BEIJING, July 6 (Reuters) - Greece cannot take any more austerity as it will cause more social unrest and lessen the chance of an economic recovery, a United Nations debt expert said on Monday.
Greeks overwhelmingly rejected conditions of a rescue package from creditors on Sunday, throwing the future of the country’s euro zone membership into further doubt and deepening a standoff with lenders.
Juan Pablo Bohoslavsky, the U.N. Independent Expert on Foreign Debt, told reporters in Beijing that Greece’s creditors in the European Union should have paid more attention to what international law says on the matter of debt.
“I have the impression that the EU had forgotten that international human rights law plays and should play a key role in finance. The international community attaches great importance to the interlinks between human rights and finance,” said Bohoslavsky, who operates under the auspices of the U.N.’s High Commissioner for Human Rights.
“The message here is that if the parties involved in the Greek tragedy paid more serious attention to what human rights law has to say, everything would be easier, for the Greek population particularly,” he added.
Bohoslavsky said the austerity demanded of Greece had not worked, adding he will visit Greece later in the year.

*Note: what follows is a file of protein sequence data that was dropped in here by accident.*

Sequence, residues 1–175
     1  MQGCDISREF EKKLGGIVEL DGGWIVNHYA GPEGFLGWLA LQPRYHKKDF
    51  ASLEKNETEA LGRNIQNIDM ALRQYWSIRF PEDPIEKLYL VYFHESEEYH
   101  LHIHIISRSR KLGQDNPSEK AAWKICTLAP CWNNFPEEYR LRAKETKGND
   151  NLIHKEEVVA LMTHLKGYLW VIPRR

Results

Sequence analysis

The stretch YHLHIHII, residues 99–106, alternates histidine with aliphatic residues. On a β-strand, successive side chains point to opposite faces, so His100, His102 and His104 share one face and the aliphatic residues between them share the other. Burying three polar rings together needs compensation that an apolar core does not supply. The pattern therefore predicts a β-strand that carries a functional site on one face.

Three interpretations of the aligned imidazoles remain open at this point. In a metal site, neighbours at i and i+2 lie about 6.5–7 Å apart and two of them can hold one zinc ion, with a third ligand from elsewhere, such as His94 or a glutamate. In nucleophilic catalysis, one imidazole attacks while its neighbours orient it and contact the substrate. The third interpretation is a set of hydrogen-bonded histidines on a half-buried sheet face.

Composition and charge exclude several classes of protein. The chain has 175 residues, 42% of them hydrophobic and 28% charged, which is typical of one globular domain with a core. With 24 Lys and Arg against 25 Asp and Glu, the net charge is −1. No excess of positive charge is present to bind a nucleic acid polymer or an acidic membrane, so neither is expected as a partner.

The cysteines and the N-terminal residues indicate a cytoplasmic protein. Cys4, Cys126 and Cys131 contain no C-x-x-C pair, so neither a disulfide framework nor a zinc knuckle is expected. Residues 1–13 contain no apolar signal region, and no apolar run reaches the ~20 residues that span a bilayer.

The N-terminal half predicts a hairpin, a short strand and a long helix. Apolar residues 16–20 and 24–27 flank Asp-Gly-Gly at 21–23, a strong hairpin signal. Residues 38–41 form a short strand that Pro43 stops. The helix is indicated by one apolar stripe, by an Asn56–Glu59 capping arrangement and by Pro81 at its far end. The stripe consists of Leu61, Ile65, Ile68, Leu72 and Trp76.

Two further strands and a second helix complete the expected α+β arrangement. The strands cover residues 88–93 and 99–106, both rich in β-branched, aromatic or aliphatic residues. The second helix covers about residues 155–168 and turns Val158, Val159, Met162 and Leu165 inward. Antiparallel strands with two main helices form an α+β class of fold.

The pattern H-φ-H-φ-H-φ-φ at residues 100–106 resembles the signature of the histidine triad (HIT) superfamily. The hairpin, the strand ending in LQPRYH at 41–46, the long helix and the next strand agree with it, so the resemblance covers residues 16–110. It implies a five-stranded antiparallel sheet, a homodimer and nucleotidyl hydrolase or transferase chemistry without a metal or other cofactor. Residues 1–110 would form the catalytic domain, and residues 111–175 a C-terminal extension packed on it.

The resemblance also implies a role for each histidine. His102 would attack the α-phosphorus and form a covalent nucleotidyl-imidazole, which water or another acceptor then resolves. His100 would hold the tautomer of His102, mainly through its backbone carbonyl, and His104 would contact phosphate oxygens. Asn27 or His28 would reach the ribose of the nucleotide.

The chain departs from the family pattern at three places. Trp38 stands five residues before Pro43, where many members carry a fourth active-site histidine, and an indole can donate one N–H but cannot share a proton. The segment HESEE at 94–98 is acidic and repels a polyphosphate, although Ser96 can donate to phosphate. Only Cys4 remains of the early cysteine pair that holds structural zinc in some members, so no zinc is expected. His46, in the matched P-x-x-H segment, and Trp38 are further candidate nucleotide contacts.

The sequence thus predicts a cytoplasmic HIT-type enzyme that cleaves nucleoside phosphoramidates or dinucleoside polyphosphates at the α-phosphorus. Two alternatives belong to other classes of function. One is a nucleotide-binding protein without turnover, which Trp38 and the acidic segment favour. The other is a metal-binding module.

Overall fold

“It’s very clear the message from the Greek population - no more austerity measures. Actually if you look at the figures, austerity measures didn’t really help the country to recover.”
In a separate statement, Bohoslavsky said he was concerned at reports of food and medicine shortages, and that he was asking to meet EU officials to remind them of their human rights obligations to Greece.
Bohoslavsky, visiting at the invitation of China’s government, said he carried a message of the need for human rights to be considered in global lending, something important for China which is setting up two new multilateral lenders - the Asian Infrastructure Investment Bank and the New Development Bank.
“A narrow idea of efficiency in which human rights plays a limited role should not find its way into these two banks,” he said.
China has promised that the infrastructure bank will follow global best practices in transparency and governance.
Rights groups often criticise China for its “no-strings” loans to countries, especially in Africa, for encouraging corruption and abuses with a lack of oversight. (Reporting by Ben Blanchard; Editing by Rachel Armstrong)